“I like to find the most impossible shot and then get really disappointed when it doesn’t happen,” the actress Greta Lee said, leaning over a billiards table in the Koreatown section of Manhattan. “I don’t know what that says about me.”
She aimed at a solid red ball, which obediently dropped into a center pocket. Ms. Lee allowed herself a brief celebration: “Mommy’s still got it, OK?”
This was on a recent Wednesday evening, just before the premiere of the second season of the Netflix drama “Russian Doll,” in which Ms. Lee, 39, stars as Maxine, a best friend of Natasha Lyonne’s time-trapped Nadia. A standout of the first season (people approach her on the street, parroting Maxine’s tag line, “Sweet birthday baybeeee”), Ms. Lee returns with a deeper performance, in delirious outfits and statement eyeliner.
She is also a star of the Apple TV+ drama “The Morning Show, in which she plays Stella Bak, a tech genius and network president who favors Balenciaga and vintage Chanel.
For this outing, she had dressed down — wide-legged pants and diaphanous blouse, worn under a daffodil duster, with a Prada fanny pack to match — and had taken a car to this block of West 32nd Street where she and her husband, the comedy writer Russ Armstrong, had passed a lot of hazy evenings in their 20s. The couple, who relocated to Los Angeles during the pandemic, have two sons, 3 and 5, so the nights are hazy for different reasons.
Ms. Lee began the night at the Korean grocery H Mart. In her 20s, as a California transplant making her Broadway debut, she had prowled its aisles for delicacies that reminded her of home. On this night, she filled her cart with an orange drink, an Asian pear drink, a sponge cake.
“This is where you cross the threshold with your white friends who say they love Korean food and then you serve them this,” she said, pointing to some fried anchovies. Then she went in search of strawberry Pocky and dried squid.
Mr. Armstrong, who had been catching up on work, met her in the snack aisle, just as she was reaching for a bag of sweet corn chips. “We have an industrial supply of these at home,” he said approvingly.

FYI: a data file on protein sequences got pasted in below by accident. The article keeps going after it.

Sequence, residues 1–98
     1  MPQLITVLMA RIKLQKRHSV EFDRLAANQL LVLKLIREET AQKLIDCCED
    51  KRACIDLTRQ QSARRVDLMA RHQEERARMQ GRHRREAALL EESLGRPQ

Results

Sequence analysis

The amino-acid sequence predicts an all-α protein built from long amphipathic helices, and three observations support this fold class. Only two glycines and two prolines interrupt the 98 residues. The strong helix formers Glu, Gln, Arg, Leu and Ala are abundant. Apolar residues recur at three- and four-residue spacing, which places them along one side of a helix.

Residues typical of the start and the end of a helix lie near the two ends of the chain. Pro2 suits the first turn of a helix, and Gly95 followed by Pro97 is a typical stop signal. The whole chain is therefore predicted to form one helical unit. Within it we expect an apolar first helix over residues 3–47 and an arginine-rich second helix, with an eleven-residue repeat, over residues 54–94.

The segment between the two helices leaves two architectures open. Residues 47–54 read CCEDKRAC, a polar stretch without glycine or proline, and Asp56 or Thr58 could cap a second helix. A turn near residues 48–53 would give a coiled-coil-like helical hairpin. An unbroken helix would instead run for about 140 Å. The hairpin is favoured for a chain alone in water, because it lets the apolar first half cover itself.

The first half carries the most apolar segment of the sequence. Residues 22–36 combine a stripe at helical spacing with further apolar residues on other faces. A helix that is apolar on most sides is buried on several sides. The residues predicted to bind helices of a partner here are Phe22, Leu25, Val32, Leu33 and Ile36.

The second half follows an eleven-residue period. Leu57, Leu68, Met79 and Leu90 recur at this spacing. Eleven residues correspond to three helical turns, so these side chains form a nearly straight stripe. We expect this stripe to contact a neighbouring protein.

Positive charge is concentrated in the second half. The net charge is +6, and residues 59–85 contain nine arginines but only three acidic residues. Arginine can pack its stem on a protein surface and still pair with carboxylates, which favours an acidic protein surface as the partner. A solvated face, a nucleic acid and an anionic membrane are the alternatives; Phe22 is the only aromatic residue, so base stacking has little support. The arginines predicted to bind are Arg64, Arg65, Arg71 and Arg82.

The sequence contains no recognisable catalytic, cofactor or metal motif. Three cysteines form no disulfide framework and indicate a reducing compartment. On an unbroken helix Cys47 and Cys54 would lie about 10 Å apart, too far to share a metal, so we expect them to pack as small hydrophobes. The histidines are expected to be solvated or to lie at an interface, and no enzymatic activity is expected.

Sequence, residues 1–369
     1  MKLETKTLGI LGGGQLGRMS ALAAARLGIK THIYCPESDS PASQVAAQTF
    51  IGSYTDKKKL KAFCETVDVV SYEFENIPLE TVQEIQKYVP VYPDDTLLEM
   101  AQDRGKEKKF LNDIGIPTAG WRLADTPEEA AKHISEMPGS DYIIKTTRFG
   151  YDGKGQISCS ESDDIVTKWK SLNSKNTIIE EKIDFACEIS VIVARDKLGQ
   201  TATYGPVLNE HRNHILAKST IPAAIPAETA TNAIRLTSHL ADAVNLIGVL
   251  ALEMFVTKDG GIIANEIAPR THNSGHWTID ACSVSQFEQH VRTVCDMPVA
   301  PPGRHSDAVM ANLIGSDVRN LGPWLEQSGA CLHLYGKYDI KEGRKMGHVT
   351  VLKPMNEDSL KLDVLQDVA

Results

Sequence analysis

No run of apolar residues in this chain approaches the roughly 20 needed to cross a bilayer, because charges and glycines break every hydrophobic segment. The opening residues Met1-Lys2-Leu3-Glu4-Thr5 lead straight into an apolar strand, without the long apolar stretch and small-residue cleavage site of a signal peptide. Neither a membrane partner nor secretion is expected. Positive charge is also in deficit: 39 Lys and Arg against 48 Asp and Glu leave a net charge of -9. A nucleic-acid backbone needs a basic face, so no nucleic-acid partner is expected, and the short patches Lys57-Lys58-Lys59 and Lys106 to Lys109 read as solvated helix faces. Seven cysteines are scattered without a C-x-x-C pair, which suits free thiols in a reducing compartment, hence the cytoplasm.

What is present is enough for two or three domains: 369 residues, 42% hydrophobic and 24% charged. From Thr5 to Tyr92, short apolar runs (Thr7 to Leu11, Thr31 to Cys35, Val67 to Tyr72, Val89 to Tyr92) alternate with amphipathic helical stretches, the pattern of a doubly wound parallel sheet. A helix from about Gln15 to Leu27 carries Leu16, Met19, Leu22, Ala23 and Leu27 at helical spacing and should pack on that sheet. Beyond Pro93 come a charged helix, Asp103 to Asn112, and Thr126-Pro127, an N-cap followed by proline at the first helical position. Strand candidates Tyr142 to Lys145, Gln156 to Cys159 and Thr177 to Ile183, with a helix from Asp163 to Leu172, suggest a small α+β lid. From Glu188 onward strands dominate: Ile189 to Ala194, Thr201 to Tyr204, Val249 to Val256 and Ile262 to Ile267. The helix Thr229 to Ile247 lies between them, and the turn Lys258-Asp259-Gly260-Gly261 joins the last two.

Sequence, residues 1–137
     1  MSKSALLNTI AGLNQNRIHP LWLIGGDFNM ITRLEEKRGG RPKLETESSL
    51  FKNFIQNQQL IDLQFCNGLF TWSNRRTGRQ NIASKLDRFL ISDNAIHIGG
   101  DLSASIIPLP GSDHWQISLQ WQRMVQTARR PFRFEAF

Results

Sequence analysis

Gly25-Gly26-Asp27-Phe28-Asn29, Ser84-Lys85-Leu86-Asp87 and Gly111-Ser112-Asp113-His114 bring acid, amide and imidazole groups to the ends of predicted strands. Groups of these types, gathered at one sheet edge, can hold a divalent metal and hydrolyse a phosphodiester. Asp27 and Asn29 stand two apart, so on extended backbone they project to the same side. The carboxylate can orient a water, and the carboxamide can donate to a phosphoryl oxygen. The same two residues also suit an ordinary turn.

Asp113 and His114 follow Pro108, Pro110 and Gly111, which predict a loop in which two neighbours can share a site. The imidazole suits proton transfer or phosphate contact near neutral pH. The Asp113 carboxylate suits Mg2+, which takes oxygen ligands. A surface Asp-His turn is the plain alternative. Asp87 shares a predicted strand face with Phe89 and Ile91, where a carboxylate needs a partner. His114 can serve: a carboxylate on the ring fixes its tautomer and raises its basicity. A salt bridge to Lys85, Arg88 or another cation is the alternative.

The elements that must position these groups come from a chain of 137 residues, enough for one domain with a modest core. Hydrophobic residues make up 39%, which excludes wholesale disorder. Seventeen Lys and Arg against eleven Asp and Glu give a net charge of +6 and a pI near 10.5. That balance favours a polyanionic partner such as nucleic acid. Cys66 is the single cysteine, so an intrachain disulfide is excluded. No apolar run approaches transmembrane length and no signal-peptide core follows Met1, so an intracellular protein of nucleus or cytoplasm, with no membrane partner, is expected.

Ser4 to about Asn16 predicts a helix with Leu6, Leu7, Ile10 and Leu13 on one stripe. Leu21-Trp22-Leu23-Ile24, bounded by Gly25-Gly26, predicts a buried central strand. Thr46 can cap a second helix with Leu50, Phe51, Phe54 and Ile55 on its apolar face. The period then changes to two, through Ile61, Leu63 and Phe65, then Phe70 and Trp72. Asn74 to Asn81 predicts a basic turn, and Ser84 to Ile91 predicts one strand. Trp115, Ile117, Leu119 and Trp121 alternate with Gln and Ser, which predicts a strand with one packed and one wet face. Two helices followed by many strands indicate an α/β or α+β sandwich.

Groceries paid for, they made their way down the block to Woorijip, a popular cafe that serves premade Korean comfort foods. “Any time of night, it could give you everything you needed,” Mr. Armstrong said nostalgically.
The cafe had made a few improvements since they last frequented it. “I have mixed feelings about this,” Ms. Lee said. “Because it’s so much nicer than it used to be.”
They loaded a tray with Korean sushi, an omelet, a kimchi stew. “This stew tastes exactly the same,” Mr. Armstrong said. “It’s 5 percent saltier than it should be, which is exactly how I like it.”
Ms. Lee dipped a spoon in. “Oh yeah,” she said. “There’s so much MSG. Just how our grandmothers intended.”
Fortified, they headed to Space Billiards, a 12th floor pool hall hung with orange lanterns. They tried to order Korean beers, but they were sold out, so they settled at a table with a Heineken and a Budweiser. Ms. Lee tested out a cue. She said that she hadn’t played in a while.
She played a lot as a Los Angeles teenager, mostly in Koreatown pool halls, trying to impress Koreatown boys. As a student at Harvard-Westlake, a prestigious secondary school, she learned code switching early on, wearing poofy dresses to her white friends’ sweet 16 birthday parties and giant cargo pants to the pool halls after.
That ability to inhabit different roles has served her career well, in supporting roles in shows such as “Inside Amy Schumer,” “High Maintenance” and “Girls.” She has a particular talent for satirizing privilege and entitlement.
As an oddball character actress, she has rarely played roles that felt true to her own experience, she said. That will change with “Past Lives,” a romantic drama due later this year, in which Ms. Lee plays a first-generation immigrant who reconnects with a childhood sweetheart. She is also developing the essay collection “Minor Feelings: An Asian American Reckoning” for series television. She plans to star in it.
“I’m not hiding,” she said of her work on “Past Lives.” “And that is really scary for me, because maybe I’ve been hiding a part of myself behind these characters. And I don’t know if people are going to be receptive to this version of me.”
For now, Ms. Lee had a different role to play: pool shark. She is a devotee of Jeanette Lee, the Korean American professional pool player. “I’m going to act like I know what I’m doing,” she said.
Mr. Armstrong broke. Ms. Lee sunk a ball. They traded shots back and forth, her long red nails gripping the cue. “With your nails and the full outfit it’s an intimidation thing,” Mr. Armstrong said.
But her performance was not so threatening. “I’m trying to make all of those K-Town boys proud,” Ms. Lee said as she lined up a shot. She missed. “Never do anything to try to impress someone else,” she said.
She undershot. Then she overshot. “I was so good at geometry,” she said. “What happened to me?”
It look her a few rounds of 8-ball, but she seemed to hit her stride. “No more messing around, let’s do this,” she said, aiming for the corner pocket. She soon cleared the table as Mr. Armstrong, who had several balls remaining, looked on approvingly.
“I didn’t think I was going to win,” Ms. Lee said.
“I knew you were going to win,” Mr. Armstrong said, congratulating her. “I always bet on you.”